September 12, 2008 / 11:14 AM / 9 years ago

Gordon Ramsay "dispute" sparks foodie bun-fight

4 Min Read

<p>British celebrity chef Gordon Ramsay stands in the kitchen of his new restaurant "Gordon Ramsay at the London" at the London NYC Hotel in New York, November 16, 2006. Two top-selling restaurant guides -- New York-based foodie's bible Zagat's, and Harden's, a Zagat-inspired tome that's a force in Britain -- are locked in an unseemly spat over their latest London rankings, and at the heart of the gastronomic stand-off is Gordon Ramsay.Mike Segar</p>

LONDON (Reuters Life!) - It's knives and forks drawn in the well-fed world of restaurant reviewers.

Two top-selling restaurant guides -- New York-based foodie's bible Zagat's, and Harden's, a Zagat-inspired tome that's a force in Britain -- are locked in an unseemly spat over their latest London rankings.

And at the heart of the gastronomic stand-off is Gordon Ramsay, the expletive-spewing, global celebrity-cum-chef who is never far from controversy.

Put simply, Zagat's thinks Ramsay is the top dog on the London fine-dining scene, while Harden's believes the best days of the motor-mouth chef may be over.

In its 2009 guide, Harden's gives top-billing to Petrus, a restaurant whose head chef, Marcus Wareing, is a Gordon Ramsay protege. Ramsay's flagship restaurant, Restaurant Gordon Ramsay, is pushed into second place.

"Wareing is emerging from Ramsay's ‘shadow' as the proprietor of what is now clearly the best restaurant in London, and he and his team should be congratulated," declared Peter Harden, the co-editor of Harden's, before adding:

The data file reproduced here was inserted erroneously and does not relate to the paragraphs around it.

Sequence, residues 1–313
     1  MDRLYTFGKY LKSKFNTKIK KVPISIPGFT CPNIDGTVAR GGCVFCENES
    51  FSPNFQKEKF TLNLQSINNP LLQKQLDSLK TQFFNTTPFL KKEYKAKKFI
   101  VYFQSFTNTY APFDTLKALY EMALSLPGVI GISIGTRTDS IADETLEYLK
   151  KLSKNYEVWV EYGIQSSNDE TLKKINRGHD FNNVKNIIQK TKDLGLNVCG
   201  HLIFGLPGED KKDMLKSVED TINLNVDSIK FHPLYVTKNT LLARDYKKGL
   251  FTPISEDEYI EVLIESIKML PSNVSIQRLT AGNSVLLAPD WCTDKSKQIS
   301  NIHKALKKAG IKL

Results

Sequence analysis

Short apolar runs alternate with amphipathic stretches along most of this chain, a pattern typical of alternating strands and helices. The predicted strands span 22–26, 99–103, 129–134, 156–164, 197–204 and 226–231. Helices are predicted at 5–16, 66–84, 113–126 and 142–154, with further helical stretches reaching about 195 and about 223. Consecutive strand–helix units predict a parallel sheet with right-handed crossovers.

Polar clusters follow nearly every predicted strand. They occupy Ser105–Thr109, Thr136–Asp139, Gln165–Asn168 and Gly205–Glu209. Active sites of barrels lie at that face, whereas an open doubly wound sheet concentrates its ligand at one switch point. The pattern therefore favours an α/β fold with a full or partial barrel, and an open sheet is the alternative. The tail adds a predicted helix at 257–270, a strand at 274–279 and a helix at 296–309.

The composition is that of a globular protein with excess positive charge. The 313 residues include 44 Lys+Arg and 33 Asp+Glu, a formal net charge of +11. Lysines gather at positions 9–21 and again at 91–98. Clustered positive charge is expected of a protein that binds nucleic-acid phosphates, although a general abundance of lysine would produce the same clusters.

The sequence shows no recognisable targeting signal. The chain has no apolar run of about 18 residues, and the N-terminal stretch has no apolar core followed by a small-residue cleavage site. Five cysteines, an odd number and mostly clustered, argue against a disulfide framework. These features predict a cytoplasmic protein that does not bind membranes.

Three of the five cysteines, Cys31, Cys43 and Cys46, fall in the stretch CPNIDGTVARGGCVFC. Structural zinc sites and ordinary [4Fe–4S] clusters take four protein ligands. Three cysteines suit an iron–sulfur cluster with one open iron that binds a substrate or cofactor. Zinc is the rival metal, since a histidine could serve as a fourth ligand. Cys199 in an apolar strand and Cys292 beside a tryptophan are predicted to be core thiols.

"The Ramsay empire's current performance -- and in particular the poor standard of most of the more recent openings -- raises questions as to its direction, and its ability to maintain its reputation as an operator of the highest quality."

It was a stinging rebuke for Ramsay, who had been at the top of the rankings for eight years.

But as far as Harden's -- motto "To tell it how it is" -- is concerned, it was only a matter of time as Ramsay lent his name to ever more establishments and the quality of some declines.

"Ramsay's not superhuman despite the media myth," Richard Harden, Peter's brother, told Reuters. "Something had to give."

But Zagat's is not so sure and its founder, Tim Zagat, has been outspoken in his disagreement with Harden's decision. At the launch of the 2009 Zagat London guide this week he told the Evening Standard newspaper:

"Harden's are full of s--- and you can quote me on that.

"They attack people every year just to get more publicity. Gordon Ramsay is an easy target for them because of his profile," the paper quoted Zagat as saying.

Harden's responded by issuing a press release that began: "Oh dear, bad language seems to be infectious", an apparent reference to Ramsay's fluency in swearing.

"We're not going to get into a slanging match with a competing publisher," Harden's wrote, before going on to point out how the competing guides were generally in agreement on some of Ramsay's lower-budget eateries if not the flagship one.

Zagat and his wife Tina, who began their guides in New York 30 years ago and have built them into a multi-million dollar global brand, were not immediately available for comment.

Given how competitive the restaurant business in London is, especially at a time when the wealthy are cutting back, the dispute is unlikely to die down quickly.

But for once, and perhaps surprisingly, the only person who hasn't yet stepped into the fray is the man at the heart of the bun-fight: the usually loquacious Ramsay.

Editing by Paul Casciato

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